Below is a viewpoint from the Foresight Africa 2022 report, which explores top priorities for the region in the coming year. Read the full chapter on technological innovations.
Weak infrastructure is widely accepted as a fundamental limitation to growth in Africa. Governments in the region struggle to meet the basic needs of residents, including access to food, education, health, and livelihoods, much less invest in critical, reusable infrastructure that could provide long-term solutions to social problems.
Philanthropy alone will not lead to the sustainable infrastructure and employment needed to secure long-term health and financial security for individuals and economic prosperity for all African nations. Yet, the development community tends to focus on funding shortfalls, calling for increased official development assistance (ODA), increased government spending despite Africa’s rising budget deficit problem, and calling for the private sector to “collaborate,” “partner,” and “step up”—often euphemisms for donations. Instead, we should focus on the operational, legal, and commercial barriers to deploying sustainable infrastructure, and how we can invest more wisely to overcome those challenges. We need sustainable commercial models that enable service delivery and provide employment at scale.
By design, private sector solutions must be commercially sustainable in order to deliver at scale and long-term. We would be better served as a global community to entice, encourage, and de-risk private sector engagement in the infrastructure challenge by channeling existing ODA, private philanthropy, and government resources towards creating an enabling environment for the private sector to innovate, deliver, and employ.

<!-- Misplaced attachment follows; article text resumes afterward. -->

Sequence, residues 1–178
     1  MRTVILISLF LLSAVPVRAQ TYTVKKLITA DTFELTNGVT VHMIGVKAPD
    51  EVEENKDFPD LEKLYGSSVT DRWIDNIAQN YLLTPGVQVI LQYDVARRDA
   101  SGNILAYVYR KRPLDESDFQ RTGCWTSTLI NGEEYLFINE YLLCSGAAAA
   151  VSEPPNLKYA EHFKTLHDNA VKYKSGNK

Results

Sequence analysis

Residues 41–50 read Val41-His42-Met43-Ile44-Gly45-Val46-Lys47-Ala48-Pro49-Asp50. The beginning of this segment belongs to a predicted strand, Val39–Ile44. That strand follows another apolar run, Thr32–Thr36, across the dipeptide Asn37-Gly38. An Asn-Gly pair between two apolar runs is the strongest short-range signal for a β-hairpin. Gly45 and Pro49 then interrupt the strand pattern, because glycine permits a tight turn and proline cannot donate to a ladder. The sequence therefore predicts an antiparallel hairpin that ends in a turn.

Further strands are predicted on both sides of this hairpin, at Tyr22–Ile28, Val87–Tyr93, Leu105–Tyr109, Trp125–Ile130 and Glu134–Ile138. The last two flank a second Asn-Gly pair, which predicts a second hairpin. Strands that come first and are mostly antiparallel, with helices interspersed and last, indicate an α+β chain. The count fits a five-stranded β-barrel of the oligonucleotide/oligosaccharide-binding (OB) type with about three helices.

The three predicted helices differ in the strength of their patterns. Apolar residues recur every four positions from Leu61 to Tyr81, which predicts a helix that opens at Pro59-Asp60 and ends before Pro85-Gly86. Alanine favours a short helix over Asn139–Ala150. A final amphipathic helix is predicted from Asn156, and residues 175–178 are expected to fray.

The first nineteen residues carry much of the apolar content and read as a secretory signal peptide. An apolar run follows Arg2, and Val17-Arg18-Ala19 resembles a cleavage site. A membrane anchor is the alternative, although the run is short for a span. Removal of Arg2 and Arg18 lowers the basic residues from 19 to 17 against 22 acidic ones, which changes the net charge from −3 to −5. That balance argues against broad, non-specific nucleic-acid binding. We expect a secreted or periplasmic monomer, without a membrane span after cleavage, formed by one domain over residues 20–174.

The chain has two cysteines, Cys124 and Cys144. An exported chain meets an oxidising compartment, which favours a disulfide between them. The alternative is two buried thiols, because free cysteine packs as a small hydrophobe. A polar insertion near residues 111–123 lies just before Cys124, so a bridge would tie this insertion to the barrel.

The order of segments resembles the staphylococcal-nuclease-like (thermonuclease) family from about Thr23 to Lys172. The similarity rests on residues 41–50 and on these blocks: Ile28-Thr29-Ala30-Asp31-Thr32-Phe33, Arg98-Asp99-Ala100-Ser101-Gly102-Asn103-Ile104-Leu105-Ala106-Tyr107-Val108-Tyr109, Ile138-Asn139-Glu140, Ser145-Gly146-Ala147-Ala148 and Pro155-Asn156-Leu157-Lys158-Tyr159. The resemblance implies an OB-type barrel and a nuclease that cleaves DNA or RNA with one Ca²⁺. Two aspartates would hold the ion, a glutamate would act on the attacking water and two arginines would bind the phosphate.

Philanthropy alone will not lead to the sustainable infrastructure and employment needed to secure long-term health and financial security for individuals and economic prosperity for all African nations.
One such example, where I have experience, is digital infrastructure. Digital infrastructure is not only a means to deliver aid and other critical services, but also enables commerce and, thus, the means for economic growth. Digital inclusion, particularly in the wake of the COVID-19 pandemic, has proven critical for filling gaps in physical infrastructure that leave the most rural and marginalized communities behind.
Developing and managing secure digital solutions requires extensive knowledge across issues like data privacy and security, interoperability standards, franchise management, biometric tokenization, device security, and more. This knowledge resides with the private sector companies that are investing billions to continually innovate, to prevent fraud, and to prevent bad actors from accessing personal data.
However, four fundamental challenges to private sector engagement in fragile contexts persist:
Helping communities across Africa access the critical services they need would benefit the entire world. So much more can be done with existing aid flows to build sustainable infrastructure and create employment—if private investment is incentivized. We need to create an efficient and effective model to deploy the private sector resources we have now—and in the digital age that must begin with the construction of a more effective digital infrastructure that can leverage the capabilities of private industry.
The Brookings Africa Growth Initiative receives support from the Mastercard Foundation.
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